That is a really important theme. Humanizing technology is about making connections. How does technology enable the ability for institutions to connect with students, for faculty to connect with students, and for students to connect with each other?
Please expand on connecting institutions with students and families.
This is a two-pronged approach. It entails utilizing technologies, such as CRMs, student information systems, learning management systems, and card systems, which will help achieve those connections while demonstrating these interactions are happening. Online learning has emphasized the importance of schools proving they understand their students. For example, students want people to know who they are, where they come from and what activities, both inside and outside the classroom, interest them. An example of this is for schools to provide an easy process for students to change their names or to specify their pronouns and then present that data on course rosters and ID cards.
Additionally, administrators can use this data to structure relevant activities and social groups for students and alumni based on their interests and passions. Admissions can also collect this data to track student outreach and engagement efforts.
Let’s now talk about connecting students to staff.
It’s crucial. Robust conferencing solutions for academic and nonacademic purposes, artificial intelligence and chatbots, and seamless single sign-on gateways can work together to serve as unified experience so students and parents can access student accounts, financial aid and registration information.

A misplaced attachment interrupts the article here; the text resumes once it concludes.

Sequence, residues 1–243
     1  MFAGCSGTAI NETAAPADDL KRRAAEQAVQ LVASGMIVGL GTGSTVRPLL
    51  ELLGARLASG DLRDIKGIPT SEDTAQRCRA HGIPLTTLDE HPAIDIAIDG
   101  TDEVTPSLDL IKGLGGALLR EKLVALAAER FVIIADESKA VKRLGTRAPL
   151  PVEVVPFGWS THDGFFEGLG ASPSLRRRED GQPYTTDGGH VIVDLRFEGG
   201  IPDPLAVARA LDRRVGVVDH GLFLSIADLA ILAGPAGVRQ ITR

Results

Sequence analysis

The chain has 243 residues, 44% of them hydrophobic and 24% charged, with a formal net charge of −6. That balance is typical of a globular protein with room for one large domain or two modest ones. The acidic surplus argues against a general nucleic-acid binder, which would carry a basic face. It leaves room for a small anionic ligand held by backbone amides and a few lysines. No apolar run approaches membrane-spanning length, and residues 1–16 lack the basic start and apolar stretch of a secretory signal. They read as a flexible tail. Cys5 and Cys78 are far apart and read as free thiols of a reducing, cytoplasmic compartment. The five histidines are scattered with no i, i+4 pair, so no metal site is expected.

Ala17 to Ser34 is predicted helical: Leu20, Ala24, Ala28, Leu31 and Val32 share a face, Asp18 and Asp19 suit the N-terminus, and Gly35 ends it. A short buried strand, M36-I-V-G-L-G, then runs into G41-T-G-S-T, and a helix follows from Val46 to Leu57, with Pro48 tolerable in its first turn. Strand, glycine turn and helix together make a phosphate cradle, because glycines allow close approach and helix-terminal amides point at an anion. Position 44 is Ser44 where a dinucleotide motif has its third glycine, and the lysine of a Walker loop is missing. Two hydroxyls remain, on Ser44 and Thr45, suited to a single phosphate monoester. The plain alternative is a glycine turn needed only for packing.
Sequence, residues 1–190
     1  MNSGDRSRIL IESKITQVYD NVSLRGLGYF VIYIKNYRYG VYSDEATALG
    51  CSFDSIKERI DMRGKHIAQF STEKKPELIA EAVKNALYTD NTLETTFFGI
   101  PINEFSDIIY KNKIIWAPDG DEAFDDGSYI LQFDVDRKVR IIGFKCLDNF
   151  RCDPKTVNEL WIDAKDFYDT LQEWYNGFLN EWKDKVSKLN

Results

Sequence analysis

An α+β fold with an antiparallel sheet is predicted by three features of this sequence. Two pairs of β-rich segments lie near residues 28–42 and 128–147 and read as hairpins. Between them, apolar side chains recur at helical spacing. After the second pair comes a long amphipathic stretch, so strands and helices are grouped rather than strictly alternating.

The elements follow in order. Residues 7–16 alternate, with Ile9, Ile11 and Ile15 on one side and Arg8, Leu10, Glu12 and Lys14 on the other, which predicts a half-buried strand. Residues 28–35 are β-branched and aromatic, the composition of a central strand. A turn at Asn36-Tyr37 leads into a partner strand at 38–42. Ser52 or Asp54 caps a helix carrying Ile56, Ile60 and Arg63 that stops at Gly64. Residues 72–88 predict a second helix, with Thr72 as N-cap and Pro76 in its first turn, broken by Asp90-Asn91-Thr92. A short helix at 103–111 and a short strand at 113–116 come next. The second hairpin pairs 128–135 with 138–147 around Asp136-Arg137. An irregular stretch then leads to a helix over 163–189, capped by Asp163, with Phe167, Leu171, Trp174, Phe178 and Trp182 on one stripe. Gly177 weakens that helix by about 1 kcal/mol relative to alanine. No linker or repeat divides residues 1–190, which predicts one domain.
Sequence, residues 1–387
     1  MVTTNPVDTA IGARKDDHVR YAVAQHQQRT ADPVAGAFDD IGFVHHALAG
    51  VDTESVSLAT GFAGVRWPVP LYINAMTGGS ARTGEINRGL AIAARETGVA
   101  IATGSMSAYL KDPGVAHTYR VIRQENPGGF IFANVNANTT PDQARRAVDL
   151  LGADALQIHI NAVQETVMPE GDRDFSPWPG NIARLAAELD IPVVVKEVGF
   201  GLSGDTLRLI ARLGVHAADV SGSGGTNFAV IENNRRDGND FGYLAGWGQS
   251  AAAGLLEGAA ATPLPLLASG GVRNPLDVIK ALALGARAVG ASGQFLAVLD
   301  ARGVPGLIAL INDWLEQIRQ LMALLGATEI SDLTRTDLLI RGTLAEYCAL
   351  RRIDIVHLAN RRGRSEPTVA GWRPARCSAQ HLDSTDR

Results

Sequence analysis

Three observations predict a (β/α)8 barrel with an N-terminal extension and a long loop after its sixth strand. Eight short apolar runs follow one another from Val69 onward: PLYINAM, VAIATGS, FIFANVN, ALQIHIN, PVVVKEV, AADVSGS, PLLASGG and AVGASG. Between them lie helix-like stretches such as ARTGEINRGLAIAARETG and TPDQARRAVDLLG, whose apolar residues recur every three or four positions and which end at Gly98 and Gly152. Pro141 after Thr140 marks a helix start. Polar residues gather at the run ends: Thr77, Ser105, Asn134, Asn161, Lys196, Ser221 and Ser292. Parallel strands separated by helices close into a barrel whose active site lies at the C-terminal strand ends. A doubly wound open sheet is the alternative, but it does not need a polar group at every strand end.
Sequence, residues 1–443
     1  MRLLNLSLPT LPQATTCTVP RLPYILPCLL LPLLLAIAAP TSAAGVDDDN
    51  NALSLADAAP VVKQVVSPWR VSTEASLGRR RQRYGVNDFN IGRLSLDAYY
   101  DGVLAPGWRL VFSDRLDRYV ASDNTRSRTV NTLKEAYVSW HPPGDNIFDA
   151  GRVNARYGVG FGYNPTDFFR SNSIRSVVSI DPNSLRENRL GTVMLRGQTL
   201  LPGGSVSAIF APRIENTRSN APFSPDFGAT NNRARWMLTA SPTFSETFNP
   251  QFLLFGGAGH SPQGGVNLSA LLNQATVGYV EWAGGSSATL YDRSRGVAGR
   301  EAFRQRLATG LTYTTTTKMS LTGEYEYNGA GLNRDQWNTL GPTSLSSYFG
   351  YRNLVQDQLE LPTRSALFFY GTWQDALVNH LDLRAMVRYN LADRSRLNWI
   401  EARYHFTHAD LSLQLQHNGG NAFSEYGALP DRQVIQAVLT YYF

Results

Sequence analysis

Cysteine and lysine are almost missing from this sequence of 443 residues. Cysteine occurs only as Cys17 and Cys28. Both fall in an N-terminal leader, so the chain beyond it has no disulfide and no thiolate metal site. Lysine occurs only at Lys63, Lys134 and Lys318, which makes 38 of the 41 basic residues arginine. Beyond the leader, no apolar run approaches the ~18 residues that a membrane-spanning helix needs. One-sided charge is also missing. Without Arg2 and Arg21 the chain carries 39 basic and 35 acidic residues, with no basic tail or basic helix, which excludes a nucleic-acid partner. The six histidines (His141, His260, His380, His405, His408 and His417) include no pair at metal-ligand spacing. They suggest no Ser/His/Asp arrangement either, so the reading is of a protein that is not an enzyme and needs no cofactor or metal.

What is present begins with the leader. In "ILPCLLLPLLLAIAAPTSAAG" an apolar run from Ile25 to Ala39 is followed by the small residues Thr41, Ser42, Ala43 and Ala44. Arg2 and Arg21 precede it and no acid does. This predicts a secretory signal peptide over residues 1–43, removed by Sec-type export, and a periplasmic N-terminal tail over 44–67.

Another major connection that COVID has changed is the relationship between students. How has tech helped this interaction?
There are technologies that allow students to use their own credentials to schedule meetings and to reach out to groups of people whom they know will be able to collaborate and meet in informal settings.
But effective technologies also need to combine academic and information technology disciplines. On the academic side, faculty members need technologies that facilitate effective pedagogies that relate, to some degree, to how students interact with each other. On the IT side, there needs to be infrastructure that supports study communities and promotes active learning. For example, these platforms should have appropriate password protection as well as the ability to show who in specific groups are online, to upload and share content easily, to provide flexible meeting spaces and to allow asynchronous and synchronous meetings, which is crucial for faculty as well.
A major step in humanizing technology is making the tech disappear. How do colleges and universities start that process?
Users want tech to operate in the background while still providing a seamless experience to the point where they don’t realize it’s working. A part of achieving that experience is having real-time access to data. An example is having single sign-on capability to upload documents effortlessly and not having to log in over and over again to multiple locations. Similarly, it’s important that separate systems have a unified look and feel so users always know where to find certain features, such as task reminders, so their workflow is not interrupted. Another crucial aspect is replacing physical cards with virtual mobile IDs so students can access certain buildings, events and special features right from their phone.
Then, of course, schools need to make sure there is enough bandwidth to support all of these interactions and that help desk support is available, especially during critical times such as the beginning of the semester and during registration periods.
Thank you for your insights. Do you have any final thoughts on this topic?
We all have different ways we engage and learn. Some of us really like the remote environment, some of us prefer face to face, and, for some of us, it depends on the day and situation. There is a place for all of these options. Because of COVID, we know that we can provide a variety of options to increase student engagement and success. It’s been hard, but I believe our struggles will lead to a better way for all students to learn in the long run.